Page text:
Uzbekistan became an independent state as a result of the disintegration of the USSR in 1991. In the first years of independence, President Karimov, the former head of the Uzbek Communist Party during the Soviet period, pledged to set the country on a path toward democracy, free market economic relations, and the rule of law in a secular state. Fundamental human rights were written into the constitution.
By 1992, a significant political opposition had emerged within Uzbekistan, fuelled by popular dissatisfaction with stagnating incomes, excessive government intervention in the economy, and increased corruption among government officials. In response, the Uzbek government began isolating and neutralizing opponents of the regime, branding them as criminals, Muslim extremists, and terrorists. Mass arrests followed and international human rights organizations subsequently reported numerous violations of human rights at the hands of law enforcement authorities. By the end of the 1990s, there were said to be some 5,300 to 5,800 political prisoners and prisoners of consciousness in Uzbekistan.
During the first decade of independence, perceived threats to the state and to the well-being of its citizens determined government policy. Despite repeated government assurances that it was seeking to introduce democratic reforms, it was in fact consolidating its authoritarian regime. Only government-approved political parties and non-governmental organizations (NGOs) were allowed to work. Institutions that did not conform to the government faced difficulties, from searches by tax inspectors to intimidation by the security services. All elections held up until now have been neither free and fair, nor equal and transparent. In the elections to local councils, the parliament and the presidency, no opposition candidates and political parties have been allowed to run.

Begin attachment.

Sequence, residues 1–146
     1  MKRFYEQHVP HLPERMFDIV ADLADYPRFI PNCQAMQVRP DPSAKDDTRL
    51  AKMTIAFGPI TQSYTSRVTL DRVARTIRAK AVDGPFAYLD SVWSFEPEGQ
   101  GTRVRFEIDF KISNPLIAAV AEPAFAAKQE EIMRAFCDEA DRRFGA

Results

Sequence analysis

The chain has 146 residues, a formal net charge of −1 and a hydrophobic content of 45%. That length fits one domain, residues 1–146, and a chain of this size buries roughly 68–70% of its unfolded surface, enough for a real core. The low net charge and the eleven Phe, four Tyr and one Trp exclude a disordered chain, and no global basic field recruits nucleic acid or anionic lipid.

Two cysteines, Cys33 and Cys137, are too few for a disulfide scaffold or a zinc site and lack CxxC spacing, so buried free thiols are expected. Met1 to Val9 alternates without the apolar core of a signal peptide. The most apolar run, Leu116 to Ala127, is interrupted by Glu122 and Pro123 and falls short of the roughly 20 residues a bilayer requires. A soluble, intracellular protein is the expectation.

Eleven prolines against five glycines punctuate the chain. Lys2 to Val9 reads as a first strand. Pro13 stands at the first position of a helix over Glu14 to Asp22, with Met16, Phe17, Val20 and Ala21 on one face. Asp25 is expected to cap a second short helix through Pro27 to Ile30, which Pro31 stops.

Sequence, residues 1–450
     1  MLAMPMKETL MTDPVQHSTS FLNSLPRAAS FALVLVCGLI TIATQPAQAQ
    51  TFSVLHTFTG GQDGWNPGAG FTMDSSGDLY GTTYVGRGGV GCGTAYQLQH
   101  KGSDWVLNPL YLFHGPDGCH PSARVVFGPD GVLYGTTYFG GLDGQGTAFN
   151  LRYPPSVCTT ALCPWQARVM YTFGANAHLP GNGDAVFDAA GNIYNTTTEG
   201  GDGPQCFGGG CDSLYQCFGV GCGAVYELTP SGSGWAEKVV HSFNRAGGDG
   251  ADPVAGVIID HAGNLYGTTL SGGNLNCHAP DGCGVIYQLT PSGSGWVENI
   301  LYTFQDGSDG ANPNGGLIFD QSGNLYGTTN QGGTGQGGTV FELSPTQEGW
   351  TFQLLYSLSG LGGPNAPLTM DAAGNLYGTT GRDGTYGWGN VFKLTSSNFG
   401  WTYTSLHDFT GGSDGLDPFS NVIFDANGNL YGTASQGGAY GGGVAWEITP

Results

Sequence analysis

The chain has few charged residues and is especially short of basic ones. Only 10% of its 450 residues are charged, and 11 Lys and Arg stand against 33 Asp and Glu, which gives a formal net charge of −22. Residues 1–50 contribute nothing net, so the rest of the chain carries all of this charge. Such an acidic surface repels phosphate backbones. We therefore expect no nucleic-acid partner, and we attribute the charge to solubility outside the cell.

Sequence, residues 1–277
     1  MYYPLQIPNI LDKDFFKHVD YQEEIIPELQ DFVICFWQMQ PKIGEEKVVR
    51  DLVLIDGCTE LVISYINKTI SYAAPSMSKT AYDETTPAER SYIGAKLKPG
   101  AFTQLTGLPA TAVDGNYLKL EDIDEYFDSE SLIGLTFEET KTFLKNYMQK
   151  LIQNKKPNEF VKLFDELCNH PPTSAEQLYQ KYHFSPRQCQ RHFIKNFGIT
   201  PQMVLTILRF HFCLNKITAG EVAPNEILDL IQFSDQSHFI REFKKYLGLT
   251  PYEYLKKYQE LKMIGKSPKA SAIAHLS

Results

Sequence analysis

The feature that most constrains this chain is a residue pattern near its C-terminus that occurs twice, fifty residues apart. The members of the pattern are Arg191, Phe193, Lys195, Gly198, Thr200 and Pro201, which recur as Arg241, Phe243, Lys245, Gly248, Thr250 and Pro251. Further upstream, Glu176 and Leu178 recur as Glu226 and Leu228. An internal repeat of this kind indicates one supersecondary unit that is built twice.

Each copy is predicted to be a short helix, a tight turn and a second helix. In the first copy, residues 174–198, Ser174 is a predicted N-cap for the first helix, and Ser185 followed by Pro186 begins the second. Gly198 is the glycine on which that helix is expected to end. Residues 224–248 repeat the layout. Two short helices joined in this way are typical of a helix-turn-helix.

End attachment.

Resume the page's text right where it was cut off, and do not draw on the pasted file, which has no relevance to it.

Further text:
Since independence, the government has consistently reaffirmed its commitment toward a gradual transition to a free market economy, but has been extremely cautious in moving to a market-based economy. It has emphasized self-sufficiency in energy and food grains, the export of primary commodities, particularly cotton and gold, and the creation of an internally oriented services market. Fundamental reforms in agriculture, state enterprises, state procurement, and the financial sector, including foreign exchange, have been postponed indefinitely, leading to an increasingly precarious economic situation.
Throughout the 1990s, Uzbekistan played a minor role in world politics. The abrupt changes in international relations that followed the September 2001 terrorist attack on the United States and the subsequent formation of an Anti-Terror-Coalition altered Uzbekistan’s role in international affairs and affected its internal politics. The government allowed Germany and the United States to station their troops in Uzbekistan in the hope of gaining international recognition and financial support for its “Uzbek path.” International pressure on Uzbekistan to commence political and economic reforms increased. The Uzbek government felt compelled to make minor concessions.
In 2002, the regime allowed registration of a leading human rights group, announced amnesties for political prisoners, and increased its participation in international organizations. And in 2003, it finally accepted obligations under Article VIII of the International Monetary Fund (IMF) Articles, which led to the establishment of full current account convertibility.